Danielle's father, Dan Marshman

Danielle’s father, Dan Marshman

Put simply – he was and is my hero. I love him with all of my heart. And I know there are a lot of people in our community who felt a strong connection with him as well.

When I stop to think about what he must have felt in the few weeks and months leading up to his death, I just CANNOT imagine the pain he was in.

As I complain about how hard it is to put this together, I think about him and I realize that the purpose is to prevent others from EVER having to go through this again.

It has been 13 years since Dad died by suicide from a disease that can be prevented if we could just start talking about it! This walk is so well named, because we need to bring depression, mental illness and suicide “Out of the Darkness”.

Thank you, Danielle, for that reminder.

I started stepping up my training walks as of yesterday, because there is no way I’m going to let Danielle and the rest of our team down. This is too important of a cause.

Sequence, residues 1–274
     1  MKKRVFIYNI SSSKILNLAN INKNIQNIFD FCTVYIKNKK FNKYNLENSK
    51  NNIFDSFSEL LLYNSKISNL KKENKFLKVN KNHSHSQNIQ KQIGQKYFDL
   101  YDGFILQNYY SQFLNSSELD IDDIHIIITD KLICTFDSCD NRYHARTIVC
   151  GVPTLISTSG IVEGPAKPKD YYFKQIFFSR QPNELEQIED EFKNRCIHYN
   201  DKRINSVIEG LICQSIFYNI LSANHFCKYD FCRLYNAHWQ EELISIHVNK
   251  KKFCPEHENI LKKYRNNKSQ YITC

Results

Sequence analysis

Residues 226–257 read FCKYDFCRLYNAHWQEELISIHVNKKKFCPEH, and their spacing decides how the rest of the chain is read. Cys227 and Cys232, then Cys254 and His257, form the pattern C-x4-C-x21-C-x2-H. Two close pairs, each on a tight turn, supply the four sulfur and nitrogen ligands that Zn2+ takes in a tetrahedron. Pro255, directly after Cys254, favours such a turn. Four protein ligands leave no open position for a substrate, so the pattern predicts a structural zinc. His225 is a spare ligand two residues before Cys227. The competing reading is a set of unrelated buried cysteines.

But we’re going to need your help as well. Any amount you give will get us that much closer to our goal. That much closer to Philadelphia. That much closer to bringing depression, mental illness and suicide Out of the Darkness.

Thank you in advance for your support of this incredibly important cause.

To Donate:

Visit www.theovernight.org and search for Team Chenango. This will bring up a list of team members and how close they are to making their goal.

– or – 

Select a Team Chenango member and make a donation through their donor page: